So what did we buy for $2 trillion? As a Shi’ite partisan, al-Maliki has one major political ally in the region: Iran. It was a little awkward for Bush when al-Maliki warmly received Iran’s President Ahmedinejad in a formal state visit. But the alliance between the current Iraqi government and the current Islamic Republic government in Iran has only grown deeper over time. What prompted this blog post was a BBC report about the current electoral season in Iraq. Al-Maliki is running for a third term. Other candidates are also running–remember, it is indeed a democracy–but only the other Shi’ite candidates really matter at the national level. And the BBC reporter states it as plain fact that the various Shi’ite candidates are getting funding and cultivating relationships with various Iranian funders.

Does Iraq have a right to align itself with Iran? Yes, I think so; they are a sovereign country, and I like the idea that they should determine their own political fate. But we bought this outcome. I don’t have a problem with the Iraqis, but I do have a problem with U.S. government expenditures which are so wasteful. One might argue, as Rumsfeld still does, that the outcome in Iraq was unexpected. How could we know, in March of 2003, that a 60%-Shi’ite country would align itself with the Shi’ite-led Islamic Republic of Iran after 2006? Well, actually, Colin Powell was already uncertain about what would happen if Saddam Hussein was removed from power in 1991. That is why, as military commander in the first Gulf War, Powell stopped General Schwarzkopf from “finishing the job” of toppling Hussein after the U.S. had routed the Iraqi Army. As someone who had actually experienced combat, he did not like the probable political consequences of removing Hussein. What would happen in the Iraqi Kurdish north, adjacent to our (then) ally Turkey? What would be the new Iraqi political relationship with Syria? And Saudi Arabia? And Iran? Even in 1991 Powell knew these were serious potential problems.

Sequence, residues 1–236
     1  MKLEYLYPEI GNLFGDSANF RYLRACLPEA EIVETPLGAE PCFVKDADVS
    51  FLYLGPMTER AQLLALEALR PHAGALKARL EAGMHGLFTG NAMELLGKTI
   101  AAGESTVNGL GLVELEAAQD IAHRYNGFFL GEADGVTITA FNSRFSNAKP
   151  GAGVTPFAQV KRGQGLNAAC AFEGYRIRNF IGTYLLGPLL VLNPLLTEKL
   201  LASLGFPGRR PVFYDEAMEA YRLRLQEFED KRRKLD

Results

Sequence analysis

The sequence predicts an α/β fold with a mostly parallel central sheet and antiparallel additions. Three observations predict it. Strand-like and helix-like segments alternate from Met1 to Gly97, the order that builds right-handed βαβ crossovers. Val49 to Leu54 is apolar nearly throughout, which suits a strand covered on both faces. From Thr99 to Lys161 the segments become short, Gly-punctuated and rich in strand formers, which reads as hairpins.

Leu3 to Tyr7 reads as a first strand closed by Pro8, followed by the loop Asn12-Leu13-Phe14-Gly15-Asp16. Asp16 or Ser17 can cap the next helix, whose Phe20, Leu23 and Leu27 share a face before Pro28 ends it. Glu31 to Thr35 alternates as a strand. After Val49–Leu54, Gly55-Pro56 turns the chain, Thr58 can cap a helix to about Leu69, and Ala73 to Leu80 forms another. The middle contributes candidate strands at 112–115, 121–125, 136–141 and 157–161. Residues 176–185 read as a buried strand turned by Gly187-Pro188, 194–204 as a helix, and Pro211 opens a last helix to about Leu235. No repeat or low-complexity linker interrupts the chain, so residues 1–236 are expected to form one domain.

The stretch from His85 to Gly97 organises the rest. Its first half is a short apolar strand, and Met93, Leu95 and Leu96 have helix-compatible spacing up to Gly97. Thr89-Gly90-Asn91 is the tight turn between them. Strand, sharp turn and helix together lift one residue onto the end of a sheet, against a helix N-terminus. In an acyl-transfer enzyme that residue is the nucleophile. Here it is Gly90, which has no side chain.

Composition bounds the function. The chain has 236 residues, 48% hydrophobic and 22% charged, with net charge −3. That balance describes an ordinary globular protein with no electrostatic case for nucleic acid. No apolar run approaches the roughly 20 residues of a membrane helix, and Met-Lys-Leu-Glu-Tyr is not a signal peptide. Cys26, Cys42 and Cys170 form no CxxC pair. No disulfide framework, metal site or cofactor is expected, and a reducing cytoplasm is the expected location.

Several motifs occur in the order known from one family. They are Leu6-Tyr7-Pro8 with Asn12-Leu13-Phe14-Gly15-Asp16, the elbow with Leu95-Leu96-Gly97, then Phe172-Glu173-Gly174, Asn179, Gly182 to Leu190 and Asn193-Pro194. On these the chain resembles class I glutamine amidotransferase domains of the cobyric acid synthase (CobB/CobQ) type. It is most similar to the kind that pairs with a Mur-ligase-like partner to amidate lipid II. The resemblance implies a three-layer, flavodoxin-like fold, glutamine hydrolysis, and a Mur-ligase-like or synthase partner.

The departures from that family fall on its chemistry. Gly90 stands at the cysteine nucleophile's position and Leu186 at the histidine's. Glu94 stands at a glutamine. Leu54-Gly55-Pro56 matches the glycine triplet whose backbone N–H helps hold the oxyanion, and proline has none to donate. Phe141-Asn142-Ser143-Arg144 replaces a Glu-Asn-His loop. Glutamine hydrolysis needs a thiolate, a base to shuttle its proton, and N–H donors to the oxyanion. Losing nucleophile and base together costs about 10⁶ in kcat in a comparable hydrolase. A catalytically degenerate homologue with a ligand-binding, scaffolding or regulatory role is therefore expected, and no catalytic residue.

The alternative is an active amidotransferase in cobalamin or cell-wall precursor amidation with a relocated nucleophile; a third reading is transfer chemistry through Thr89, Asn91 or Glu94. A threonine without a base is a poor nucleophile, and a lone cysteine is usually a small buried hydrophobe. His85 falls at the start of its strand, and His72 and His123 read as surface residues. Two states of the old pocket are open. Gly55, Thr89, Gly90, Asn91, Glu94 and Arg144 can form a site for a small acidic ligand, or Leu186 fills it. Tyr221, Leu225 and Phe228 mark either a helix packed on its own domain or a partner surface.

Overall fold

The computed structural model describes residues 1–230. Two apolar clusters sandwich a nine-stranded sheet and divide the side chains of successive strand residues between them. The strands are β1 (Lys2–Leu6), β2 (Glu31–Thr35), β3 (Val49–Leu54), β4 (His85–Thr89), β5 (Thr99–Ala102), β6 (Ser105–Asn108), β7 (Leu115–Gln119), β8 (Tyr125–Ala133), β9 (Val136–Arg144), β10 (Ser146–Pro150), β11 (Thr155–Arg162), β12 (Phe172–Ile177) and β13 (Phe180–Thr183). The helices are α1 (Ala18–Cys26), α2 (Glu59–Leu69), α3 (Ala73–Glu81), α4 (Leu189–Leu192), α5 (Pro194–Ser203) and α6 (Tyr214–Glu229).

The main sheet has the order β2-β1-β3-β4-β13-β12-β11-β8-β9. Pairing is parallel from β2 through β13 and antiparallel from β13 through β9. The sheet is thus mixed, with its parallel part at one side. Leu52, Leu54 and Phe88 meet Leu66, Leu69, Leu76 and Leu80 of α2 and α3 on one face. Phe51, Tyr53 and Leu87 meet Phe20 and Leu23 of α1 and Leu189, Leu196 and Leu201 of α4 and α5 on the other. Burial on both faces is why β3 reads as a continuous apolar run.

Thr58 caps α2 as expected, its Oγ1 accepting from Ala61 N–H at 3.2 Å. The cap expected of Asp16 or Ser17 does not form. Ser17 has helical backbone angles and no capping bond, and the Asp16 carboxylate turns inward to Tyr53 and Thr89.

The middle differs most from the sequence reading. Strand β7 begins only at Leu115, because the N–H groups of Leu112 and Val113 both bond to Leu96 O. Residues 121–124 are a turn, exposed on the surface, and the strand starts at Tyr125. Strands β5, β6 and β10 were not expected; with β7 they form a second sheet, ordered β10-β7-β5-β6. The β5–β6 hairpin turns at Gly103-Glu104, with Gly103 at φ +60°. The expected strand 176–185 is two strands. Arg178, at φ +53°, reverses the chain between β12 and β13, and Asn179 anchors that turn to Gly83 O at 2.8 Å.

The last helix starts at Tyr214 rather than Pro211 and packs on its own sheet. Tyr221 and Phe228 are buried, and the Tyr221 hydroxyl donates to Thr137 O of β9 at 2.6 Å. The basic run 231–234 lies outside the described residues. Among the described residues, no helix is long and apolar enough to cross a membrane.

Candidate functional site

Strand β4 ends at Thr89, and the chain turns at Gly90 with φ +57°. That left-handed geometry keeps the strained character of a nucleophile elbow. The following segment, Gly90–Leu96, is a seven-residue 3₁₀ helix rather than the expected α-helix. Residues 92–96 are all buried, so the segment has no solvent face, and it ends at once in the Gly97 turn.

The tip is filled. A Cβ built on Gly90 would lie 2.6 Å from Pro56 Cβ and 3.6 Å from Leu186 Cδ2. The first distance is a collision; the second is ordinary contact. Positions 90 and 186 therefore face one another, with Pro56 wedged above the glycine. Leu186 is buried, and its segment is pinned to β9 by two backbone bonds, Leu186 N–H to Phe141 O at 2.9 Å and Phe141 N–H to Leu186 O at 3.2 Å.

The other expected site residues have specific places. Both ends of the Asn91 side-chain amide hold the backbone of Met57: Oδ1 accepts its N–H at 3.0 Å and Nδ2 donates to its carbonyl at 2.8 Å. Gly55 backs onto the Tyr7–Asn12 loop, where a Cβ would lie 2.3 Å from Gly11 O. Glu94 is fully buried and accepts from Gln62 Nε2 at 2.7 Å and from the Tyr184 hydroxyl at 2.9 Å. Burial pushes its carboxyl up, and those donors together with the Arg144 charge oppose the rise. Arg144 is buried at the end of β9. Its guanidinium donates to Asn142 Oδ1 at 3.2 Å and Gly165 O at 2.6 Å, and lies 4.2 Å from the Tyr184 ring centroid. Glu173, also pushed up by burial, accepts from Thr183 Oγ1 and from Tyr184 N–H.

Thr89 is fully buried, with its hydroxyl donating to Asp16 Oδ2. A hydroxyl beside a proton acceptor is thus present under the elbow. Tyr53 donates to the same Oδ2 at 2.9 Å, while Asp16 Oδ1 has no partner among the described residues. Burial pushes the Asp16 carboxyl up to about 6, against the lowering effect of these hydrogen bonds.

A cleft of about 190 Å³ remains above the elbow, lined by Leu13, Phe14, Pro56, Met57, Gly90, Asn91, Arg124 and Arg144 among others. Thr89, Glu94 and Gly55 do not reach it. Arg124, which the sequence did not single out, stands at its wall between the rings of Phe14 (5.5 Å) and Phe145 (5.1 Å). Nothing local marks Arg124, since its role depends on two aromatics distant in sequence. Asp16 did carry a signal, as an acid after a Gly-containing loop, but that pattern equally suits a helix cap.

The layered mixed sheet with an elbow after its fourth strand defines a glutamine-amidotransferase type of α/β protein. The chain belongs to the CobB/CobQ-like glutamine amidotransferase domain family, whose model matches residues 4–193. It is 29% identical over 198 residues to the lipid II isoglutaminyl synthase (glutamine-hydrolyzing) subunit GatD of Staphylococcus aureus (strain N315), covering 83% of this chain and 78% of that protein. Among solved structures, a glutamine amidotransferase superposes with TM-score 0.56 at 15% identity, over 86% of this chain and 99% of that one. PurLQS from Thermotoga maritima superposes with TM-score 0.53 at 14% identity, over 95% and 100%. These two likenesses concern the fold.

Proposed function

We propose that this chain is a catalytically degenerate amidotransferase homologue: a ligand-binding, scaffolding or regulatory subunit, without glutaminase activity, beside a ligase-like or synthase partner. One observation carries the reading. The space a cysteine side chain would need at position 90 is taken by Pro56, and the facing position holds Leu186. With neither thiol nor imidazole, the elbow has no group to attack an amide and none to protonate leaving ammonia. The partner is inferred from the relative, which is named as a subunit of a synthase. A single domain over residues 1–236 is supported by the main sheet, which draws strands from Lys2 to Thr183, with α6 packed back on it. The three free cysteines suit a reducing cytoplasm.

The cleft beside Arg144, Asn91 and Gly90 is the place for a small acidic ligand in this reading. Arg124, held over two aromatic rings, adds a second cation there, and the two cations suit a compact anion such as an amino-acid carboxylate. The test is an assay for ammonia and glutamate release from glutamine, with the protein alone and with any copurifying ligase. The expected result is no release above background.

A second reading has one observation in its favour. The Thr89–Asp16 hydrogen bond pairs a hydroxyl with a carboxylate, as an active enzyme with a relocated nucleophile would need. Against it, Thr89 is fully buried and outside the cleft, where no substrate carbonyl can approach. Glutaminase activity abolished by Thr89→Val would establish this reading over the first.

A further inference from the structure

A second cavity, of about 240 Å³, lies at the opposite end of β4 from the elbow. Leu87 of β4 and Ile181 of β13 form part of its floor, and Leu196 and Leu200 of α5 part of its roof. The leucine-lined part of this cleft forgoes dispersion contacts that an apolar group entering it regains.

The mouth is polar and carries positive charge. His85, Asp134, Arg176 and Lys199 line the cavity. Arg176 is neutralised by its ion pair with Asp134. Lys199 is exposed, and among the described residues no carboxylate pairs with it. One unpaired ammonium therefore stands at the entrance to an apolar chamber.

You may notice that I have put very few links in this blog post. But there are plenty of keywords. I invite you to use any of them to check what I have written here, and to gain more perspective on these issues. Also, please pursue something I have not researched: Where did the military spending go? When a defense contractor charges $99 for washing a bag of laundry, he is paying only a small fraction of that to the Filipino laborers he has hired to work in Iraq. Most of the cash goes back to a U.S. company; in other words it mostly circulates in the U.S. as a transfer of tax-revenue to U.S. firms. Who gets rich off this?

And now the urban questions: Where do defense-contractor executives spend all that money? What kind of houses do they have? In what kind of neighborhoods? How expensive is the schooling of their children? How many maids and other servants do they hire?